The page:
SMORES Robot Finds Its Own Way To The Campfire

Robots that can dynamically reconfigure themselves to adapt to their environments offer a promising advantage over their less dynamic cousins. Researchers have been working through all the challenges of realizing that potential: hardware, software, and all the interactions in between. On the software end of the spectrum, a team at University of Pennsylvania’s ModLab has been working on a robot that can autonomously choose a configuration to best fit its task at hand.

We’ve recently done an overview of modular robots, and we noted that coordination and control are persistent challenges in this area. The robot in this particular demonstration is a hybrid: a fixed core module serving as central command, plus six of the lab’s dynamic SMORES-EP modules. The core module has a RGB+Depth camera for awareness of its environment. A separate downwards-looking camera watches SMORES modules for awareness of itself.

Combining that data using a mix of open robot research software and new machine specific code, this team’s creation autonomously navigates an unfamiliar test environment. While it can adapt to specific terrain challenges like a wood staircase, there are still limitations on situations it can handle. Kudos to the researchers for honestly showing and explaining how the robot can get stuck on a ground seam, instead of editing that gaffe out to cover it up.

While this robot isn’t the completely decentralized modular robot system some are aiming for, it would be a mistake to dismiss based on that criticism alone. At the very least, it is an instructive step on the journey offering a tradeoff that’s useful on its own merits. And perhaps this hybrid approach will find application with a modular robot close to our hearts: Dtto, the winner of our 2016 Hackaday Prize.

[via Science News]

Continue reading “SMORES Robot Finds Its Own Way To The Campfire”

Video Quick-Bit: The Things That Move Robots

Magenta Strongheart returns for a look at some of the coolest robotic entries from this year’s Hackaday Prize. Each of these answered the challenge for modular designs that will help supercharge new robot projects.

We think that cheap and abundant motor designs are poised to revolutionize robotics and several of the entries thought along those same lines. [Masahiro Mizuno] came up with a great 3D printed servo design based around a 6mm DC motor. Also in this ballpark, a team of two — Giovanni Leal and Jonathan Diaz — used 3D printing to turn some tiny metallic servos into linear actuators.

Picking stuff up is a difficult thing for a machine to do. We’ve long enjoyed seeing jamming grippers which do it with an inflatable bladder around a granular material (watch the video… it’s amazing). Two of these were demonstrated as part of the challenge. The Universal Jamming Gripper focuses on the entire mechanism, while Programmable Air took aim at the pneumatic actuation system and can adapt to other soft-robotics uses.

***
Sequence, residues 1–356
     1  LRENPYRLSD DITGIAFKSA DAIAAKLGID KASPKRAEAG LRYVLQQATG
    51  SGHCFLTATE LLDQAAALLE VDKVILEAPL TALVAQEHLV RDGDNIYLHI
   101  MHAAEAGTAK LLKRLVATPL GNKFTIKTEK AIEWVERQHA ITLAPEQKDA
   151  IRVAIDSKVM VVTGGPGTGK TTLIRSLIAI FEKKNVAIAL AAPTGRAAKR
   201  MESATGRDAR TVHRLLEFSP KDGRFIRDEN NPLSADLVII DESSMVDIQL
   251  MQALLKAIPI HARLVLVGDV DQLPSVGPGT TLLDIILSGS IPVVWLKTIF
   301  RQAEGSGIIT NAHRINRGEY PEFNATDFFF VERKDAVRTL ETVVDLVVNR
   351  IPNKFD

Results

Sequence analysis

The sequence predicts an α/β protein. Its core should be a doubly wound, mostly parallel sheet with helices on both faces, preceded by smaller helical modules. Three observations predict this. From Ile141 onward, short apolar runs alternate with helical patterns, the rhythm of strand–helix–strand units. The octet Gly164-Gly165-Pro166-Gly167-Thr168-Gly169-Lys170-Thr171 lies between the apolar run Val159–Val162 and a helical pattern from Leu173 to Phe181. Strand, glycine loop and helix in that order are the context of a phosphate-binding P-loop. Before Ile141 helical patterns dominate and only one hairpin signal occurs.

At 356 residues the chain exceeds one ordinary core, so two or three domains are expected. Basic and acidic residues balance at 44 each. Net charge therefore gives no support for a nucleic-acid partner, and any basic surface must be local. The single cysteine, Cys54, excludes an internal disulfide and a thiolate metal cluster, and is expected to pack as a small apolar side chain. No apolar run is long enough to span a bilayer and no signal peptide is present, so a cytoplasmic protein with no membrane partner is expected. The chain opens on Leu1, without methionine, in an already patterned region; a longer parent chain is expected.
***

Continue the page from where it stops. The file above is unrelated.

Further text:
Rounding out this update, make sure to take a peek at the PCB stepper motor [Bobricius] built after being inspired by [Carl Bugeja’s] PCB motor. You’ll also want to see the entry that is taking on industrial farming. Imaging slow-rolling behemoths that use computer vision and spinning tillers to take care of weeds, cutting down on herbicide use.

Right now we’re in the thick of the Power Harvesting Challenge. Show us how you’re getting power from an interesting source and you’ll be on the way to the finals. Twenty power harvesting entries will get that honor, along with a $1,000 cash prize. The five top entries of the 2018 Hackaday Prize will split $100,000!

Evolving The 3D Printed Linear Actuator

Our open source community invites anyone with an idea to build upon the works of those who came before. Many of us have encountered a need to control linear motion and adapted an inexpensive hobby servo for the task. [Michael Graham] evaluated existing designs and believed he has ideas to advance the state of the art. Our Hackaday Prize judges agreed, placing his 3D Printed Servo Linear Actuator as one of twenty winners of our Robotics Module Challenge.

[Michael]’s actuator follows in the footstep of other designs based on a rack-and-pinion gear such as this one featured on these pages, but he approached the design problem from the perspective of a mechanical engineer. The design incorporated several compliant features to be tolerant of variances between 3D printers (and slicer, and filament, etc.) Improving the odds of a successful print and therefore successful projects. Beginners learning to design for 3D printing (and even some veterans) would find his design tips document well worth the few minutes of reading time.

Another useful feature of his actuator design is the 20mm x 20mm screw mounting system. Visible on either end of the output slider, it allows mixing and matching from a set of accessories to be bolted on this actuator. He is already off and running down this path and is facing the challenge of having too many things to share while keeping them all organized and usable by everyone.

The flexible construction system allows him to realize different ideas within the modular system. He brought one item (a variant of his Mug-O-Matic) to the Hackaday + Tindie Meetup at Bay Area Maker Faire, and we’re sure there will be more. And given the thoughtful design and extensive documentation of his project, we expect to see his linear servos adopted by others and appear in other contexts as well.

This isn’t the only linear actuator we’ve come across. It isn’t even the only winning linear actuator of our Robotics Module Challenge, but the other one is focused on meeting different constraints like compactness. They are different tools for different needs – and all worthy additions to our toolbox of mechanical solutions.

Two Awesome Ender’s Achievements

The Hackaday Prize is all about empowering you with the tools you need to create the next great hardware device. To that end, we’ve set up seed funding for your projects, we’ve given you a project hosting site, and most importantly, Hackaday gives you the opportunity to connect with tens of thousands of like-minded hardware hackers across the globe.

Not all hackers are out tinkering in their garage after work. Some are pulling the night shift in their dorm rooms, balancing classes, homework, hacking, and life. Student hackers, we salute you with the Ender’s Achievement!

This robotic gripper is the solution to robotic gripping